21 February 2015

Balloon Milkweed was Asclepias physocarpus now Gomphocarpus physocarpus

Monarch butterflies are endangered due to applications of round up and similar products, the clearing of land in Oklahoma and extensive tree removal in Mexico.

Family Jewels pod
We are all being asked to help by planting milkweed. Any variety will do as long as it is planted in swaths large enough to feed caterpillars. The plants don't have to bloom as long as you have water/mud and other nectar providing flowers available for the adults to eat and drink.

Balloon Milkweed inside the pod
In our yard-garden I've seen the adults nectaring on many different flowers but they do seem to love the weedy, native flowering plants more than the tidy ones.

Of all this plant's names, I think I like Family Jewels the best since in addition to the appearance of the pods (ahem), I imagine that the plants will be jewels in our garden, feeding lots and lots of caterpillars this summer.

Swan plant seeds

We usually plant tropical milkweed, Asclepias Tuberosa, as it's the variety I've seen the most caterpillars on. In our garden shed there are flats of seedlings plus a few planted seed trays that will hopefully sprout even more plants.

Today I planted the seeds of a milkweed that is new to me, Balloon Milkweed which is a South African native (zones 8-10). It used to be known as Asclepias physocarpus but now has been reclassified as Gomphocarpus physocarpus.

Whatever its name, Monarch caterpillars eat it and it is a viable choice for our gardens. In fact, according to joyfulbutterfly.com, Gomphocarpus physocarpus is more robust and relisient to the caterpillars chomping than other possible choices.

Our plant friend, Jerry Gustafson sent the four pods that I broke open today to plant. They are to be surface planted with just a bit of vermiculite on top so the seeds get light but are anchored into place by something. We were out of vermiculite so I dribbled Stall Dry on top.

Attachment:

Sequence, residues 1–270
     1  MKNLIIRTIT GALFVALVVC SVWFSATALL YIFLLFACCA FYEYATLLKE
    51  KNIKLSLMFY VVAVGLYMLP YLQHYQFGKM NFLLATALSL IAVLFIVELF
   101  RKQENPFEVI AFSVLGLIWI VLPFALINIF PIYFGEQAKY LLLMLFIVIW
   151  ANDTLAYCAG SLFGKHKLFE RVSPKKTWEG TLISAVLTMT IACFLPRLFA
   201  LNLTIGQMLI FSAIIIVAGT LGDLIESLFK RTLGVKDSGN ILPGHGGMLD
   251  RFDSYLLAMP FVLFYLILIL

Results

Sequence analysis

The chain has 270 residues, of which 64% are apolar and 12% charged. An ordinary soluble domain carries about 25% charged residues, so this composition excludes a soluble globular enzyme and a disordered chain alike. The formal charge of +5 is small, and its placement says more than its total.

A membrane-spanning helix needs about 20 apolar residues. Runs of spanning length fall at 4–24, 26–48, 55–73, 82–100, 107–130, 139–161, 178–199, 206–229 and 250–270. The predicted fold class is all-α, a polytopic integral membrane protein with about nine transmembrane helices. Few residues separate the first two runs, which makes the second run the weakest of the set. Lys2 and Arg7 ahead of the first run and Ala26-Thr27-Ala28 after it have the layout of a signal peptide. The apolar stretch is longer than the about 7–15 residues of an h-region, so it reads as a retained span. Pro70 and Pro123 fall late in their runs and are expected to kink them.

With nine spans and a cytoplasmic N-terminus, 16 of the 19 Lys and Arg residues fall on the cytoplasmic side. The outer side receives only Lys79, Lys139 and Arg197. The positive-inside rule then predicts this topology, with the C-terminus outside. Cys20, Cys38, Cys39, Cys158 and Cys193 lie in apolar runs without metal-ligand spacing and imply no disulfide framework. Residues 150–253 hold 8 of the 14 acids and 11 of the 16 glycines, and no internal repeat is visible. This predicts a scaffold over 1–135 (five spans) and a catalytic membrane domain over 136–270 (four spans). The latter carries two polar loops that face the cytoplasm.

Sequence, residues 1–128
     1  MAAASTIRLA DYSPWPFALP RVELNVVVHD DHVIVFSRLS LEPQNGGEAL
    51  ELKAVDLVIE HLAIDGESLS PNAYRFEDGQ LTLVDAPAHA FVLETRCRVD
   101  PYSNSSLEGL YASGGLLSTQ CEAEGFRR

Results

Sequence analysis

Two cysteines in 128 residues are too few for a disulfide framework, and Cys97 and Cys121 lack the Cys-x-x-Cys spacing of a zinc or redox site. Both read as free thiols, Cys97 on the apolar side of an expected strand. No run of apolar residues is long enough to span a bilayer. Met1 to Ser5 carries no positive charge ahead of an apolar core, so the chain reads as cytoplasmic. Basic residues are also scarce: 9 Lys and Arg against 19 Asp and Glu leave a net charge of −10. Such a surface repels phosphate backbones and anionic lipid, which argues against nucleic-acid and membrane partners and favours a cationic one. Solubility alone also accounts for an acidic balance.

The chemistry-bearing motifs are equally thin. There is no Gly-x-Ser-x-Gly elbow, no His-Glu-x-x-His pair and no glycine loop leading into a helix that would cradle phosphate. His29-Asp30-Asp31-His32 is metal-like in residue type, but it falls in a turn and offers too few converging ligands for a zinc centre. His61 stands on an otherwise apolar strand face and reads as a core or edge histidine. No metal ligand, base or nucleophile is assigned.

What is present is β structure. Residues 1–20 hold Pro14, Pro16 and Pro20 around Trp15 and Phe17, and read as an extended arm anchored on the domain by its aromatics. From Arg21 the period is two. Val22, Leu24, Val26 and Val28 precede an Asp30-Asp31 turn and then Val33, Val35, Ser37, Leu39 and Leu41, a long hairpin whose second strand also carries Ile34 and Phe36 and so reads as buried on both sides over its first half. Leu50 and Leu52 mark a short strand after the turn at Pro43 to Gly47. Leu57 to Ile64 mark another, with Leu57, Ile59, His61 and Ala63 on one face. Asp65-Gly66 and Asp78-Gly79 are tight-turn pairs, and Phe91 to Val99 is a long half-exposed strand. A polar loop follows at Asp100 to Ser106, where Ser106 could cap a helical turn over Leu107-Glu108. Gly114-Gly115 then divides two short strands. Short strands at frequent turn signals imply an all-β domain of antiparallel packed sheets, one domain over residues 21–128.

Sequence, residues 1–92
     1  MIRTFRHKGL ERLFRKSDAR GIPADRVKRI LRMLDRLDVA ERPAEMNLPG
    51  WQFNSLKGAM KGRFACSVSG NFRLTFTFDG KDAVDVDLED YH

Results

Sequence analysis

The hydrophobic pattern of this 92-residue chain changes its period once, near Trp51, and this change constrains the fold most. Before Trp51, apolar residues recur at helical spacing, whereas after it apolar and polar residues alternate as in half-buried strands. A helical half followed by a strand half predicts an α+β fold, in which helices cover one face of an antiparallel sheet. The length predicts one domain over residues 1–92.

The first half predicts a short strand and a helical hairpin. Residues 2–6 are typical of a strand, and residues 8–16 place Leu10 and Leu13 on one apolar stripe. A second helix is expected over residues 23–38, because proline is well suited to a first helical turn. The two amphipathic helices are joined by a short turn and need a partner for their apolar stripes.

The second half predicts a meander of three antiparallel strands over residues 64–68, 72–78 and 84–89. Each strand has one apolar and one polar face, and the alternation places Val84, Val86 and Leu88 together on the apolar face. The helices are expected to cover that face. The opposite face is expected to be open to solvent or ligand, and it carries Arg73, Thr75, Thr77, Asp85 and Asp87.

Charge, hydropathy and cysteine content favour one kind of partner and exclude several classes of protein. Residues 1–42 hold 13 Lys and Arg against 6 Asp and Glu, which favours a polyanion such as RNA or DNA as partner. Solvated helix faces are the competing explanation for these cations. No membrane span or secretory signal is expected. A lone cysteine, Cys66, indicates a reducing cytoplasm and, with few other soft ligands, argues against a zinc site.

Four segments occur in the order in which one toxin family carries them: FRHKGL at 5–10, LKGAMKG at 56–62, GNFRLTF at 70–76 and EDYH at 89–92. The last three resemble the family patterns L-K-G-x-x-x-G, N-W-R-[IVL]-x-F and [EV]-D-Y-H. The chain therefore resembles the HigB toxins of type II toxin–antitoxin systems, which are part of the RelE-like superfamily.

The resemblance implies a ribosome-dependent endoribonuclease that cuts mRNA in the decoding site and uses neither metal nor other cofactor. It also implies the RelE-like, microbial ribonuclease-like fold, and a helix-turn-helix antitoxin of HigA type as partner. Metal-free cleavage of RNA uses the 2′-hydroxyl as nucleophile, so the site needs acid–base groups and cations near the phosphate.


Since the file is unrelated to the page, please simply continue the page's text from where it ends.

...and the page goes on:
Gomphocarpus physocarpus pods

These are tropicals. Germinate best at 69-75 and can take as much as 30-days to pop up. Argh that's a long time for me to wait to see if I'll get any. Oh, well.

If we get a few, I'm promised that they grow 4 to 6 feet tall and 3 feet wide. Perfect for one of the sunny beds in the back of our 2.75 acre lot.





2 comments:

Anna said...

Thanks for the informative post. Milkweed is a favorite of other butterflies, also, not just the Monarch. So planting them provides food for many species.

Martha Stoodley said...

Hi Anna - Thanks for your comment. I think we are somewhat obsessed with the Monarch decline since it is so devastating.
But you are correct. Milkweed is helpful for so many butterflies that it is good to plant even for those gardeners who are outside the Monarch's migration path.

I do wish milkweed were easier to start from seed. Yikes it is reluctant to get going!

Hope to hear from you about your milkweed plantings and butterfly gardening.